To compete and thrive in the 21st century, democracies, and the United States in particular, must develop new national security and economic strategies that address the geopolitics of information. In the 20th century, market capitalist democracies geared infrastructure, energy, trade, and even social policy to protect and advance that era’s key source of power—manufacturing. In this century, democracies must better account for information geopolitics across all dimensions of domestic policy and national strategy.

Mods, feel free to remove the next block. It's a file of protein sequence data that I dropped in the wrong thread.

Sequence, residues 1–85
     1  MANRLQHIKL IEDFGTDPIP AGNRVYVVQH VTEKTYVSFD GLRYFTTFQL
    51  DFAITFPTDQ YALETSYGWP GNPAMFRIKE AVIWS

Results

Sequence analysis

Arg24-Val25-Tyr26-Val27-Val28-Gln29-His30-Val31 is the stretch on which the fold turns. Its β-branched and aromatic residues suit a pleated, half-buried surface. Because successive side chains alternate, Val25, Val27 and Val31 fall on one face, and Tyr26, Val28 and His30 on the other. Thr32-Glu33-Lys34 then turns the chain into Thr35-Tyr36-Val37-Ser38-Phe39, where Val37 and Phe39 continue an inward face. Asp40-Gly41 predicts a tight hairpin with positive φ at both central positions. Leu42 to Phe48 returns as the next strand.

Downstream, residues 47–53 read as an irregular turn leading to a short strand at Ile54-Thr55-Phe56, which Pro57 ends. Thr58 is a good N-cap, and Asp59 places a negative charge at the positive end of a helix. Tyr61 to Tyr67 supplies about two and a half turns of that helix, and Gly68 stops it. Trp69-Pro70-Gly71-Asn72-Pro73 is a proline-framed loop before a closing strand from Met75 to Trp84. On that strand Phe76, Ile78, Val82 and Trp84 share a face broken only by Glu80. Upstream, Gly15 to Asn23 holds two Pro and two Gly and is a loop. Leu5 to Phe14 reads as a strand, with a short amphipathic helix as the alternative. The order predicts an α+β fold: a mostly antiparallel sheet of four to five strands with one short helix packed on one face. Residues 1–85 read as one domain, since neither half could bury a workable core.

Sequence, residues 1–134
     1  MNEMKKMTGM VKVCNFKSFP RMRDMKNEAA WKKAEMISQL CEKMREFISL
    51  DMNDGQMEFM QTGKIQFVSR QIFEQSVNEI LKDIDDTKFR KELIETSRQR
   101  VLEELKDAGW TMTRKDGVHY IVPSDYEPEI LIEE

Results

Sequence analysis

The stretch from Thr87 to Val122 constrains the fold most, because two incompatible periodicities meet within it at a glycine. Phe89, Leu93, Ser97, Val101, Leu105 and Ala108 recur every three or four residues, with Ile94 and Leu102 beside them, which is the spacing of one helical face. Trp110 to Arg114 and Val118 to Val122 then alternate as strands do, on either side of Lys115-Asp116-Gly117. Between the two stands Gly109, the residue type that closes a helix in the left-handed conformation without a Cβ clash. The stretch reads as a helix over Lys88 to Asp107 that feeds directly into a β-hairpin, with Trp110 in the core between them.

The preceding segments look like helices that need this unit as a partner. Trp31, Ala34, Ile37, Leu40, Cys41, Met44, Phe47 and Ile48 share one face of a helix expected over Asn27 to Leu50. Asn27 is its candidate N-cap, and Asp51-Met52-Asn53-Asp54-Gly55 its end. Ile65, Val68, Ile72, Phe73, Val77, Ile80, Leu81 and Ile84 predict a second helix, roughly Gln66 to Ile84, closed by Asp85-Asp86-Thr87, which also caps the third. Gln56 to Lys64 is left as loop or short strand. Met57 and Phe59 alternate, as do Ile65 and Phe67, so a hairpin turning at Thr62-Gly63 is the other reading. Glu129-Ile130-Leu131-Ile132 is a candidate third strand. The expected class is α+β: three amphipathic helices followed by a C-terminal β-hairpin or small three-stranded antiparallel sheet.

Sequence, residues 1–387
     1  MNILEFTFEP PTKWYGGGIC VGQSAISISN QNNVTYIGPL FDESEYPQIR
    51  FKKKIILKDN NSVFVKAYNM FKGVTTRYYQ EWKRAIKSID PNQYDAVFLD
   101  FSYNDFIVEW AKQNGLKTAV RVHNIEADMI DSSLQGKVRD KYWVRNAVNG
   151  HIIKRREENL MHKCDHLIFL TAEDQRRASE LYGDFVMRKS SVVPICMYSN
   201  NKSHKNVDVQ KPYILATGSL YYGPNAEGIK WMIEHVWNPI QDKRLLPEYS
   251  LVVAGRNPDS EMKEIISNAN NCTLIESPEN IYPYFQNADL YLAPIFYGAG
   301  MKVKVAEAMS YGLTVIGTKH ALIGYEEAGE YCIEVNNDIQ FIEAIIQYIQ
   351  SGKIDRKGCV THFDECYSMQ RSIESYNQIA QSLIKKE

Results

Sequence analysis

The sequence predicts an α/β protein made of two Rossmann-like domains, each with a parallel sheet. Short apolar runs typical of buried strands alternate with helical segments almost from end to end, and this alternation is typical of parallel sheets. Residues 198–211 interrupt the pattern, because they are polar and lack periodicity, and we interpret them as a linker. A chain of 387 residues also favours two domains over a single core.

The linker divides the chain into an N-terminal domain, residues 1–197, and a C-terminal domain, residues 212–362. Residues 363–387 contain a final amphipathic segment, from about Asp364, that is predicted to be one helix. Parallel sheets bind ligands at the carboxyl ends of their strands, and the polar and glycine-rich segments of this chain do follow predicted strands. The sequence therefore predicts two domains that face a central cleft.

Sharon Wilke is the Associate Director of Communications for the Belfer Center for Science and International Affairs. As a communications consultant prior to joining the Belfer Center, she organized and directed publicity and outreach campaigns, coordinated media coverage and produced a range of publications and written materials for corporate and non-profit clients, including the HKS-based Council of Women World Leaders. Previously, she headed the national outreach department at WGBH Educational Foundation’s Descriptive Video Service and has worked as an English teacher, newspaper reporter and television host. She holds a M.A. in Communications from the University of Washington.Last Updated: Jan 6, 2017, 12:57pm